An amendment to the Higher Education Act of 1998 requires a student applying for financial aid to answer whether they have any drug related convictions.
The law states that a student who is convicted of a state or federal drug-related charge is disqualified from receiving federal financial aid. The student can become eligible again if they successfully complete a drug rehabilitation program and test negative for drug use twice before assistance is reinstated.
The amendment, ratified April 28, 1998 went into effect for the 2000-2001 academic year as a question that appears on the Free Application for Federal Student Aid (FAFSA) form.
Question number 28 on the 2000-2001 FAFSA application reads: If you have never been convicted of any illegal drug offense, enter “1” in the box and go to question 29.
Sound confusing? Many students, parents and institutions, including the U.S. Department of Education, thought so. Hundreds of thousands of students left the question blank which resulted in delays in determining the aid packages for these students.
To help everyone better understand what the question was asking, the Department of Education included a one-page worksheet with the 2000-2001 FAFSA application. This worksheet outlines how this question should be answered and the consequences of the answers.
The consequences include the chance of losing aid eligibility for one year with one drug-related conviction, two years if there are two convictions, and indefinitely for three convictions.
If a student is caught selling drugs, he or she loses aid eligibility for two years with the first conviction and indefinitely for the second.
Joe Aiello, the Media Relations Director for Student Financial Assistance at the Department of Education, reported that as of Oct. 22, over 8.6 million FAFSA applications were processed. Of these, 1,327 students were declared completely ineligible and 5,675 were declared partially ineligible which means they received some aid, but not the maximum amount allowed.
The total number of students declared fully or partially ineligible to receive federal aid is around 7,000 out of 8.6 million, which is roughly .09 percent.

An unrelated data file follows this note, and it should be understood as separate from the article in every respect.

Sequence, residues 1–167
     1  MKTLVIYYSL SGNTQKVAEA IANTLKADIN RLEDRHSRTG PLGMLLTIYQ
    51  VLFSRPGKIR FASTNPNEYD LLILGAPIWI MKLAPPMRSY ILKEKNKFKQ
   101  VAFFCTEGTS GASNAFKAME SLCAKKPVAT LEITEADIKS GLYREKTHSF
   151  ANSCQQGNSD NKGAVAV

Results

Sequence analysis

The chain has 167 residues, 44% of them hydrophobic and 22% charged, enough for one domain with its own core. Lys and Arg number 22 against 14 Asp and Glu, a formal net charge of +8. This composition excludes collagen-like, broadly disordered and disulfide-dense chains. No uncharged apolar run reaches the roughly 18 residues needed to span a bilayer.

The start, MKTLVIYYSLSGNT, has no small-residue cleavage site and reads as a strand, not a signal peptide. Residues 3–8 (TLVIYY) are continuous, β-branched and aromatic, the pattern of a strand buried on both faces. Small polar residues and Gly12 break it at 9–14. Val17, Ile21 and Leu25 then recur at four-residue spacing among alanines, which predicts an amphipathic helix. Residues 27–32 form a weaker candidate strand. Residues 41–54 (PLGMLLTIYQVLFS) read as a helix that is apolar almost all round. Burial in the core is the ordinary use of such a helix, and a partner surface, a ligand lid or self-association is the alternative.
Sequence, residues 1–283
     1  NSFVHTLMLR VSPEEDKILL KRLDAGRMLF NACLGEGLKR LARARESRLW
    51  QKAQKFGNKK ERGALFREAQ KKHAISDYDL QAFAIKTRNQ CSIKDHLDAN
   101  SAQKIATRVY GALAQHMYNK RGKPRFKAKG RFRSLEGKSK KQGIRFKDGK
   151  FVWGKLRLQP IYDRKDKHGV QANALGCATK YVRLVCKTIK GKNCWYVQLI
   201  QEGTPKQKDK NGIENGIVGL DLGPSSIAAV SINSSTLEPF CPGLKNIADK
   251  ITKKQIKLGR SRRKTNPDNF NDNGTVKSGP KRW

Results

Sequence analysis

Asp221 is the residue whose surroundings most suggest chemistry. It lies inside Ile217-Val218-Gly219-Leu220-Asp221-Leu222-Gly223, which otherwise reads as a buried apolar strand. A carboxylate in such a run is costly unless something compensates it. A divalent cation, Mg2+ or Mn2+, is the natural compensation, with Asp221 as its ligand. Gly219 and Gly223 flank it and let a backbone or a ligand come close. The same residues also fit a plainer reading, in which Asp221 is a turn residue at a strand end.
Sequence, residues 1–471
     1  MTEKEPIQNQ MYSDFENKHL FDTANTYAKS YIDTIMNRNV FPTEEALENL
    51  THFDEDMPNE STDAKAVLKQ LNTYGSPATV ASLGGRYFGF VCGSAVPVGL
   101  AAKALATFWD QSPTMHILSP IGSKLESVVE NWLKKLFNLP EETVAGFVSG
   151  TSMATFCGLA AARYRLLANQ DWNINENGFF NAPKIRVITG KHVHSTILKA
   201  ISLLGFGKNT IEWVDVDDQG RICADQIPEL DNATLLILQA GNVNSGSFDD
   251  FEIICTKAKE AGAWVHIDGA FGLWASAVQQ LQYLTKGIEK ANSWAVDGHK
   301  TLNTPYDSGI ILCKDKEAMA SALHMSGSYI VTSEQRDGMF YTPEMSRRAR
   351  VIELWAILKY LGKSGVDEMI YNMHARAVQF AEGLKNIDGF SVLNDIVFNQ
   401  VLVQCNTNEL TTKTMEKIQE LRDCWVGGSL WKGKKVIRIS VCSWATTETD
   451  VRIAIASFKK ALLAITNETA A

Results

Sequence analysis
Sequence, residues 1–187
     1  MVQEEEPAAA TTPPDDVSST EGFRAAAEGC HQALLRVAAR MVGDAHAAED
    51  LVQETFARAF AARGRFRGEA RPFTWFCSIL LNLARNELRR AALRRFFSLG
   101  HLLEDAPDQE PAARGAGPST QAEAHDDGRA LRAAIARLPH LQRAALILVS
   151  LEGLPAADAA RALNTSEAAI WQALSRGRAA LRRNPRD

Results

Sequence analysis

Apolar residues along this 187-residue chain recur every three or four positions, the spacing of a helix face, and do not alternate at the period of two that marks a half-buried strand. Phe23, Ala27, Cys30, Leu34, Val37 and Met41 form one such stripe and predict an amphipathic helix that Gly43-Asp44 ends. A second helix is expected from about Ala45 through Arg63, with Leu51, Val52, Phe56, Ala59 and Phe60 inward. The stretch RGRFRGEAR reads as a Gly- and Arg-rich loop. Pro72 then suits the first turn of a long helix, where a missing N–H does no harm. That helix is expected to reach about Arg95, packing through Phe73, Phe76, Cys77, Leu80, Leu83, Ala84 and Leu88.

Some argue that, although the number of students declared ineligible is relatively low, since the majority of people convicted of drug-related crimes are low-income minorities, this law discriminates against the people who need aid the most.
When questioned about whether he believes this law discriminates against the people who need help the most, Aiello replied, “No, anyone can do drugs.”
According to Martha A. McGinness-Riley, Assistant Director of Student Financial Services at Temple, “Neither the Department of Education nor the schools have a way to check the validity of the answer to question 28.”
Aiello said, “We hope that everyone is honest.”
The Department of Justice is taking numerous steps to alleviate the problems associated with this law. The drug-related conviction question on the 2001-2002 FAFSA application has been reworded to read: “Have you ever been convicted of possessing or selling drugs? Yes or No.”
A bill has also been proposed in the U.S. House of Representatives, which would cut back on the number of students becoming ineligible to receive aid by limiting the punishment to students who are convicted while enrolled in college. This bill is awaiting passage by the Senate.
“Everyone in [Financial] Aid had been distressed by this in one way or another and we are all waiting for the Department’s decision later this year,” McGinness-Riley said.
McGinness-Riley stressed that it is very important that students not leave the drug-conviction question blank on the 2001-2002 application because it will cause financial aid to be delayed.